Kellogg Institute Faculty Fellow David Lantigua

Kellogg Faculty Fellow and theologian David Lantigua has been announced as a new co-director of the Cushwa Center for the Study of American Catholicism at the University of Notre Dame beginning in June. Notre Dame historian Darren Dochuk will join him at the helm of the institution that is widely recognized as the leading center for the historical study of Roman Catholicism in the United States.

American studies and history professor Kathleen Sprows Cummings, who has led the Cushwa Center for the past 11 years, will step down from the position.
Lantigua’s research focuses on Catholicism in the colonial history of the Americas and the theology and social thought of Pope Francis, the first Hispanic pope from the global South. 

Lantigua is an associate professor of theology, whose primary focus is on moral theology and Christian ethics. He specializes in late scholastic moral and political thought and its place within the broader Catholic social tradition. He has two books related to this research: a monograph on early modern Spanish theological contributions to international legal thought and the other a documentary reader with new translations of writings from Dominican friar and advocate of indigenous peoples, Bartolomé de las Casas. His work also considers the ongoing Latin American critical theological engagement with global human rights discourse.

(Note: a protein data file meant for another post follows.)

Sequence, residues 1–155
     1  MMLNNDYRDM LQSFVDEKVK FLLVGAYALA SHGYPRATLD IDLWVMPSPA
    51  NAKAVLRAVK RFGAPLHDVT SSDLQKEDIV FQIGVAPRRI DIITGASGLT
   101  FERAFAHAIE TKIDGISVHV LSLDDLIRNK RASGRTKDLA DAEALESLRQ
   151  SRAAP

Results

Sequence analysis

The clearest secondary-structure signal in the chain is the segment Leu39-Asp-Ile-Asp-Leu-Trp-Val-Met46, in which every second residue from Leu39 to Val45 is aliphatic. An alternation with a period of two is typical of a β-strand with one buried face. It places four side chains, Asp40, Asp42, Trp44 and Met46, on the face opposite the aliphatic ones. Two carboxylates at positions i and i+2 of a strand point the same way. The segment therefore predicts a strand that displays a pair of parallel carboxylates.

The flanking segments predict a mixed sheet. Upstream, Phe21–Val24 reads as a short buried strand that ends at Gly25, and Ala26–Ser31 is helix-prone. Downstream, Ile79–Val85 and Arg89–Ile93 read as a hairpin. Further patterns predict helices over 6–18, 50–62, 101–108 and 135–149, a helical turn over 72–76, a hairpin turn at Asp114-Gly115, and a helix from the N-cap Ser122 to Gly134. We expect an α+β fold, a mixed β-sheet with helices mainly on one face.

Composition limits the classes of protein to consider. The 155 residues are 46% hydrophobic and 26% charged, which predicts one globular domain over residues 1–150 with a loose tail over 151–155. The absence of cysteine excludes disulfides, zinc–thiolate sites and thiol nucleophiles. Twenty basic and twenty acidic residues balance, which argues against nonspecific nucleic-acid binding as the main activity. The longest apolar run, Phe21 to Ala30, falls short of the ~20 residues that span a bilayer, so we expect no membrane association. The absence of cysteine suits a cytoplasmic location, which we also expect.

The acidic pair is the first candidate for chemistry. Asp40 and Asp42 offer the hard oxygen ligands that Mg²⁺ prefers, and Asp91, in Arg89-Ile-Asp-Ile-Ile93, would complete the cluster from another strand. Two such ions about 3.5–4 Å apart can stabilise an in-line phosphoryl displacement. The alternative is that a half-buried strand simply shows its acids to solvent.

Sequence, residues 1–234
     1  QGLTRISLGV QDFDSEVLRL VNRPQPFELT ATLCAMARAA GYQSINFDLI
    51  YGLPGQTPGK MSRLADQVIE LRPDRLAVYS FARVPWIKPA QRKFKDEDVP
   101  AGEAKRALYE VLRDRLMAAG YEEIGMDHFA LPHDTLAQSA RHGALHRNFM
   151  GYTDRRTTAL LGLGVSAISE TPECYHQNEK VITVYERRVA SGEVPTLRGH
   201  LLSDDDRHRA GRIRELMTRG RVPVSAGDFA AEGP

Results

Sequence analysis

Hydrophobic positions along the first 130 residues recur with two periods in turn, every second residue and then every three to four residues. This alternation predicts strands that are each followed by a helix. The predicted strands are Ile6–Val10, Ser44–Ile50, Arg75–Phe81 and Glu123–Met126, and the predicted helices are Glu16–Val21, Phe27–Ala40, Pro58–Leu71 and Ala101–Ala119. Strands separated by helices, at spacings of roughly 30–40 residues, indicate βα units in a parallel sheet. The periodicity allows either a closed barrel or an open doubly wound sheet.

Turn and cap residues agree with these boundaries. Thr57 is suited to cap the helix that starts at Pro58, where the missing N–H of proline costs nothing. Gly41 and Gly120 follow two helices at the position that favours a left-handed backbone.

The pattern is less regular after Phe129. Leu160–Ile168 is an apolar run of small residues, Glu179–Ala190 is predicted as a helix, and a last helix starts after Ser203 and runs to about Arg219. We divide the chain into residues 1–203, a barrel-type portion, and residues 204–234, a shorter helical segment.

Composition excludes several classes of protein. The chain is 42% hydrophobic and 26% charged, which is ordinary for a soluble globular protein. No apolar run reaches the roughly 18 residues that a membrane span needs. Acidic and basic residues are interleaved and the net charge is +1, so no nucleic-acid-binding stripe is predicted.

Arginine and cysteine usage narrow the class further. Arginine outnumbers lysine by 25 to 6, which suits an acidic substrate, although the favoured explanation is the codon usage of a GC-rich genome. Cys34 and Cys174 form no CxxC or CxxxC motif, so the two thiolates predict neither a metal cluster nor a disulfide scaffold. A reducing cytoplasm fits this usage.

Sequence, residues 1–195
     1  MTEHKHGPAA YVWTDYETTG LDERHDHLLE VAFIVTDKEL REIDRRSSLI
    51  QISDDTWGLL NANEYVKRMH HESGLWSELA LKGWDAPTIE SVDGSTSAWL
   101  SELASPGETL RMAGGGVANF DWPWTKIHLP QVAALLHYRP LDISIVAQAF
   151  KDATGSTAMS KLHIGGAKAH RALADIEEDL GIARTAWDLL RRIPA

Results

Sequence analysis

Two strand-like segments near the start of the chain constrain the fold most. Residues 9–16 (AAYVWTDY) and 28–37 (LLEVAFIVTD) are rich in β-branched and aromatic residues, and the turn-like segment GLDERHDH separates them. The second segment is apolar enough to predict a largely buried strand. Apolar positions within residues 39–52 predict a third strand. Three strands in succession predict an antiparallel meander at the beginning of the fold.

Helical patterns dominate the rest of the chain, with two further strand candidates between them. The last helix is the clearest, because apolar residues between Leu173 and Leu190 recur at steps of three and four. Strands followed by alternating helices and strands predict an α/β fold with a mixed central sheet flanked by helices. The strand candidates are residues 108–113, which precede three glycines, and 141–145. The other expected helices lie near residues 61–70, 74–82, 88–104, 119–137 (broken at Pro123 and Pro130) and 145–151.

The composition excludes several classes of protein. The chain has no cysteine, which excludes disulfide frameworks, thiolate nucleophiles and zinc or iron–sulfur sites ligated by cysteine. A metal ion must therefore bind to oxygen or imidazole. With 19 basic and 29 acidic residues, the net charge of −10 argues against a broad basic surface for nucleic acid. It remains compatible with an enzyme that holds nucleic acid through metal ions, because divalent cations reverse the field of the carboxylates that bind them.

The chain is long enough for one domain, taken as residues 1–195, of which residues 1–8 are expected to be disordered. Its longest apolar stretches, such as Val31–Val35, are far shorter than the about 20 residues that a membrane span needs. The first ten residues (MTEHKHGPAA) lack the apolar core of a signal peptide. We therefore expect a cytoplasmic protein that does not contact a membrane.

“By anchoring the study of American Catholicism in historical and theological inquiry, I hope to preserve and strengthen the Center’s ongoing intellectual contribution to academia and the broader Church on critical issues of the past and present,” said Lantigua, who co-directs the Catholic social tradition minor and is a faculty fellow of the Institute for Latino Studies.

With Latin America as the most populous region of Catholicism in the world, and the growing demographic of US Latino Catholics, Lantigua said the optics of American Catholicism are shifting in fascinating ways. He wants to make that reality visible. 

“In addition to the US Hispanic Catholic population, there are also ethnic traditions of American Catholicism among African/African American, Asian, and Indigenous American populations, and their historical presence raises acute questions surrounding pluralism, racism, and migration,” he said.

The Cushwa Center seeks to promote and encourage the scholarly study of the American Catholic tradition through instruction, research, publication, and the collection of historical materials. The center strives to deepen the understanding of Catholics’ historical role and contemporary expressions of their religious tradition in the United States. It engages a national body of scholars from disciplines including history, theology, women’s studies, sociology, American studies, religious studies, and English, and in all aspects of its mission, it seeks interdisciplinary and ecumenical cooperation.

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